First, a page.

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Kenya: Calls for Justice Heard as Human Rights Lawyer Buried

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Four police officers are facing murder charges in connection with three deaths.

In this Tuesday, April 14, 2015 photo, drivers sit in queues of traffic on a highway in downtown Nairobi, Kenya. Taxi operators in Kenya want the government to stop operations of ride sharing app Uber, which has risen in popularity because of its cheaper fares, and Kenya police say they have launched investigations into allegations of attacks on Uber drivers. (AP Photo/Sayyid Azim, File)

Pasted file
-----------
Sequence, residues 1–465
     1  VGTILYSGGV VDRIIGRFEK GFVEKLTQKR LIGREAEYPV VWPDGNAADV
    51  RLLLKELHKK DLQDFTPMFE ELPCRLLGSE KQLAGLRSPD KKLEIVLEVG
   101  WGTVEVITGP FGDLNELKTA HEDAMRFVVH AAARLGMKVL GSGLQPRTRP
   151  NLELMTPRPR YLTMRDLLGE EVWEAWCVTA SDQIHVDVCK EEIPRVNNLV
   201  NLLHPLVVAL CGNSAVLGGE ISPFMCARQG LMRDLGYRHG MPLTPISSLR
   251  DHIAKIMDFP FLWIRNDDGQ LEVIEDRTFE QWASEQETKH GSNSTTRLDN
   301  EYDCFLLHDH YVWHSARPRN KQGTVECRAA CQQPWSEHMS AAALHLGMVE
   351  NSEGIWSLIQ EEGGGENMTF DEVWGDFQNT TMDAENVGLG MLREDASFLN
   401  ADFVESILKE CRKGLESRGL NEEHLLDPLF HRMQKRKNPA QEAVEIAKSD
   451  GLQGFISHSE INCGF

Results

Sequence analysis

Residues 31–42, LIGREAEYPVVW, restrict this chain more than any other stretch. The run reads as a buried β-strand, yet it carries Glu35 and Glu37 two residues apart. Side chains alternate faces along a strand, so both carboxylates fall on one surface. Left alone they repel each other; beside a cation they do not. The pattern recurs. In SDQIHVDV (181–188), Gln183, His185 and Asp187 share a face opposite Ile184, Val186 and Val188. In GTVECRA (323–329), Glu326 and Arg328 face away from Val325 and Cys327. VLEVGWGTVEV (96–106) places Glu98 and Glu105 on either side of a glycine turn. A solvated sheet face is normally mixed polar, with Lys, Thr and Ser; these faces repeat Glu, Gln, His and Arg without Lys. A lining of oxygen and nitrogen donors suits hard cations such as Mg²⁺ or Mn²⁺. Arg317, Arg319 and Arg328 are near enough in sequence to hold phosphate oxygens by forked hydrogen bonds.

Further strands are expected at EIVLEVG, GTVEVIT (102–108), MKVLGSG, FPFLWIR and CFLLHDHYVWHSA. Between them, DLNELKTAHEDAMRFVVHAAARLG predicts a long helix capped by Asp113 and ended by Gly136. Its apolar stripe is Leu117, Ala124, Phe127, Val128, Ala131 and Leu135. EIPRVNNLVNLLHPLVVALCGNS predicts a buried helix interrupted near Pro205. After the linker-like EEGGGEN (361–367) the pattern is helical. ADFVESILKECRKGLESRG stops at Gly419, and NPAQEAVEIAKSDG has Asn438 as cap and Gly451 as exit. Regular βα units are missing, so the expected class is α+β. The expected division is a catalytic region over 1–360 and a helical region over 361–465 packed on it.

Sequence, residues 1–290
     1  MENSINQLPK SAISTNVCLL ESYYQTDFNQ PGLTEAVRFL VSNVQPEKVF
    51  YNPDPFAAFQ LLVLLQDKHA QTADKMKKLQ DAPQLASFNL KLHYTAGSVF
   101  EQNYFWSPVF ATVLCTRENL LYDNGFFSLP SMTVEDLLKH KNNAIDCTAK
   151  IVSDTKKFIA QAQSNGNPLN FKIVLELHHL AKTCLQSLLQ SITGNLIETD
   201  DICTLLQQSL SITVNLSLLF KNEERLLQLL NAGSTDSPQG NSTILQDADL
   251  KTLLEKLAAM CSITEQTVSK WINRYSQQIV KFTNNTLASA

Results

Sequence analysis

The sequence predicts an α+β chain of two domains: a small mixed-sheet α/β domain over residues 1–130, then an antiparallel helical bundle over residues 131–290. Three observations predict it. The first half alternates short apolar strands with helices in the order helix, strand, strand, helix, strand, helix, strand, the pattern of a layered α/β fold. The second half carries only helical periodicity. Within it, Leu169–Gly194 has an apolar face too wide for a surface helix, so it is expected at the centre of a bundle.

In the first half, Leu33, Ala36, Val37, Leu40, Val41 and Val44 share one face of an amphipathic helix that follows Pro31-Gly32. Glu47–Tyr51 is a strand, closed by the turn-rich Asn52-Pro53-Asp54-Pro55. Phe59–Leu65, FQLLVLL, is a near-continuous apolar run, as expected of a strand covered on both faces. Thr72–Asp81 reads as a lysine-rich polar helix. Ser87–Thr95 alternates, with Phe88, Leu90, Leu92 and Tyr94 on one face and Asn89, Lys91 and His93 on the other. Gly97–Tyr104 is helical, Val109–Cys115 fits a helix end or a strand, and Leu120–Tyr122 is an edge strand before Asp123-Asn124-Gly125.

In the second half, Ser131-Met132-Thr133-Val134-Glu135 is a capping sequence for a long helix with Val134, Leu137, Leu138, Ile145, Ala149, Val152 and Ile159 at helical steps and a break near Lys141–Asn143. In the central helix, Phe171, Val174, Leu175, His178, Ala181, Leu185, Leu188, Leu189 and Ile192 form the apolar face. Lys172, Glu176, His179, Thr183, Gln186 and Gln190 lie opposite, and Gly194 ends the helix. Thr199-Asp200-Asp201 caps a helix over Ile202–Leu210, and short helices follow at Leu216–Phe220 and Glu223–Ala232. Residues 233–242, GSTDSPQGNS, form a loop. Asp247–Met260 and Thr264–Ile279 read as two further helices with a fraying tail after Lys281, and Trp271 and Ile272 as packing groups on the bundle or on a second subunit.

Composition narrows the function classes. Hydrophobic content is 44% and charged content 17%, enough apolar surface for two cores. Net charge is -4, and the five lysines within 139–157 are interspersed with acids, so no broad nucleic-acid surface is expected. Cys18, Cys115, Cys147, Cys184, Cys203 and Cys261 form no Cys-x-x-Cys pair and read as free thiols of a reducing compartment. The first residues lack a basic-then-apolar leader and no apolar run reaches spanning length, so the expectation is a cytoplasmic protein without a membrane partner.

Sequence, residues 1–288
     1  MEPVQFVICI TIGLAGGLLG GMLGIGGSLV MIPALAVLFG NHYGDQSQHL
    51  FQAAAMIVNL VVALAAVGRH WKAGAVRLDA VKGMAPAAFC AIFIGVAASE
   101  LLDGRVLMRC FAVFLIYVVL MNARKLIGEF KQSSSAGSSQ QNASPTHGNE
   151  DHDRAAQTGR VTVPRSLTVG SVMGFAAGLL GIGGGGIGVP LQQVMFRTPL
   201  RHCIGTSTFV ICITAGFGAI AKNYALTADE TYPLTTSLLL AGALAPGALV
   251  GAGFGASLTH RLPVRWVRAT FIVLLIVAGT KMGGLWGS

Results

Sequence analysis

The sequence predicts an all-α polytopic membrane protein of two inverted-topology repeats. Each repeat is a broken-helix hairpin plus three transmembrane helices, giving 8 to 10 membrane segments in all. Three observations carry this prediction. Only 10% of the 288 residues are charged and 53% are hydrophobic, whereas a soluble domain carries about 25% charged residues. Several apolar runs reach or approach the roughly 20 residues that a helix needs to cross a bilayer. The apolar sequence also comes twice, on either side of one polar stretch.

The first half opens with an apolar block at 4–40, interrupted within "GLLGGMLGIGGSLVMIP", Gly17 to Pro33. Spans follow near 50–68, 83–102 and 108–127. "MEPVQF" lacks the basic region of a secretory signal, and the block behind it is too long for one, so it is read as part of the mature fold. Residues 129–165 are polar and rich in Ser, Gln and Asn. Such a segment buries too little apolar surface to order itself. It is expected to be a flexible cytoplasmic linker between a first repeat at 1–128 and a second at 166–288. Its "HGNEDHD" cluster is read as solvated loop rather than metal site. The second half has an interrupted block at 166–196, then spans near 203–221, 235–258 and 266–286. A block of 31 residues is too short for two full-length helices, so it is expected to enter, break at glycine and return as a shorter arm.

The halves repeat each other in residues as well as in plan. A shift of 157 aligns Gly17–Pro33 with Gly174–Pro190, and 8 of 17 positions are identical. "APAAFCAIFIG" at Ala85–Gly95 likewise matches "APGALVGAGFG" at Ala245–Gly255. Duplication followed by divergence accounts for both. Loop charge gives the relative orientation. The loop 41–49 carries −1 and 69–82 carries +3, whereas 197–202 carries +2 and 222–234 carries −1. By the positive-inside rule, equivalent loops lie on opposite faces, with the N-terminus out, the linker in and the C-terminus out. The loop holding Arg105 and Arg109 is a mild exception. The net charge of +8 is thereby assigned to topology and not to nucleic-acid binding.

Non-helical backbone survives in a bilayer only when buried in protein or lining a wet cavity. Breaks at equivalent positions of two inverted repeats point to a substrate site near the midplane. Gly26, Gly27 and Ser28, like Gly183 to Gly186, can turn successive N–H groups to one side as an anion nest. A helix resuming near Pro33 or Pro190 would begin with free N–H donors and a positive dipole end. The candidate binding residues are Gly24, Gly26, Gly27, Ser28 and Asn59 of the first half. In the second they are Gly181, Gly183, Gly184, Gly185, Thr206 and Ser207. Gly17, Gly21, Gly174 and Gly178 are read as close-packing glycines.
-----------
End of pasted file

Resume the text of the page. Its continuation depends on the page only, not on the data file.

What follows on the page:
NAIROBI, Kenya (AP) — Slain Kenyan human rights lawyer Willie Kimani and a taxi driver have been buried in their hometowns amid calls for top officials to resign over police-linked extra-judicial killings.

Kimani was buried Saturday in his hometown Kabete, while driver Joseph Muiruri was buried in Kinangop in central Kenya.

They were among three men believed to have been killed by police, whose bodies were pulled out of a river just over a week ago. They were abducted on June 23.

The third man, Josephat Mwenda, had sought Kimani's help in pursuing charges against a police officer for shooting him.

Four police officers are facing murder charges in connection with the three deaths.

Isaac Okero, the chairman of Kenya's bar association, has called for the resignation of Kenya's interior minister and police chief.

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